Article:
In the Anthology itself the word does not however in fact occur till a late period. The proem of Meleager to his collection uses the words {soide}, {umnos}, {melisma}, {elegos}, all vaguely, but has no term which corresponds in any degree to our epigram. That of Philippus has one word which describes the epigram by a single quality; he calls his work an {oligostikhia} or collection of poems not exceeding a few lines in length. In an epitaph by Diodorus, a poet of the Augustan age, occurs the phrase {gramma legei},[4] in imitation of the phrase of Herodotus just quoted. This is, no doubt, an intentional archaism; but the word {epigramma} itself does not occur in the collection until the Roman period. Two epigrams on the epigram,[5] one Roman, the other Roman or Byzantine, are preserved, both dealing with the question of the proper length. The former, by Parmenio, merely says that an epigram of many lines is bad--{phemi polustikhien epigrammatos ou xata Mousas einai}. The other is more definite, but unfortunately ambiguous in expression. It runs thus:

{Pagxalon eot epigramma to distikhon en de parelthes tous treis rapsodeis xoux epigramma legeis}

The meaning of the first part is plain; an epigram may be complete within the limits of a single couplet. But do "the three" mean three lines or three couplets? "Exceeding three" would, in the one case, mean an epigram of four lines, in the other of eight. As there cannot properly be an epigram of three lines, it would seem rather to mean the latter. Even so the statement is an exaggeration; many of the best epigrams are in six and eight lines. But it is true that the epigram may "have its nature", in the phrase of Aristotle,[6] in a single couplet; and we shall generally find that in those of eight lines, as always without exception in those of more than eight, there is either some repetition of idea not necessary to the full expression of the thought, or some redundance of epithet or detail too florid for the best taste, or, as in most of the Byzantine epigrams, a natural verbosity which affects the style throughout and weakens the force and directness of the epigram.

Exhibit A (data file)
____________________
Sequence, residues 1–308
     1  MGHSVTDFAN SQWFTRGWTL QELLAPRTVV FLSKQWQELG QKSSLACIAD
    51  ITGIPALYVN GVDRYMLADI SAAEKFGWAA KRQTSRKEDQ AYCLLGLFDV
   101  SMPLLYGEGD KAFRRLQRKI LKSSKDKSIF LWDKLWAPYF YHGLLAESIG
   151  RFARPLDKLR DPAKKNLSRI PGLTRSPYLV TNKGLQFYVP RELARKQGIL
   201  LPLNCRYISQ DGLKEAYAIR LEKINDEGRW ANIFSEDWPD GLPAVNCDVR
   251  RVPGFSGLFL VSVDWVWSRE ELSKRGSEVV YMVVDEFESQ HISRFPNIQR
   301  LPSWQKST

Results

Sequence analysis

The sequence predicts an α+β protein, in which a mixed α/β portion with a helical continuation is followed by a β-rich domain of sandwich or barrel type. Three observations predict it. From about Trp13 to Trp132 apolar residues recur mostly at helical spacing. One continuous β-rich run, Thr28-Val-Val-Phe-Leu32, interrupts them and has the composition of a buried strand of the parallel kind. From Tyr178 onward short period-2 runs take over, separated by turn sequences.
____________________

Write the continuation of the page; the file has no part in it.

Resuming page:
The notorious difficulty of giving any satisfactory definition of poetry is almost equalled by the difficulty of defining with precision any one of its kinds; and the epigram in Greek, while it always remained conditioned by being in its essence and origin an inscriptional poem, took in the later periods so wide a range of subject and treatment that it can perhaps only be limited by certain abstract conventions of length and metre. Sometimes it becomes in all but metrical form a lyric; sometimes it hardly rises beyond the versified statement of a fact or an idea; sometimes it is barely distinguishable from a snatch of pastoral. The shorter pieces of the elegiac poets might very often well be classed as epigrams but for the uncertainty, due to the form in which their text has come down to us, whether they are not in all cases, as they undoubtedly are in some, portions of longer poems. Many couplets and quatrains of Theognis fall under this head; and an excellent instance on a larger scale is the fragment of fourteen lines by Simonides of Amorgos,[7] which is the exact type on which many of the later epigrams of life are moulded. In such cases /respice auctoris animum/ is a safe rule; what was not written as an epigram is not an epigram. Yet it has seemed worth while to illustrate this rule by its exceptions; and there will be found in this collection fragments of Mimnermus and Theognis[8] which in everything but the actual circumstance of their origin satisfy any requirement which can be made. In the Palatine Anthology itself, indeed, there are a few instances[9] where this very thing is done. As a rule, however, these short passages belong to the class of {gromai} or moral sentences, which, even when expressed in elegiac verse, is sufficiently distinct from the true epigram. One instance will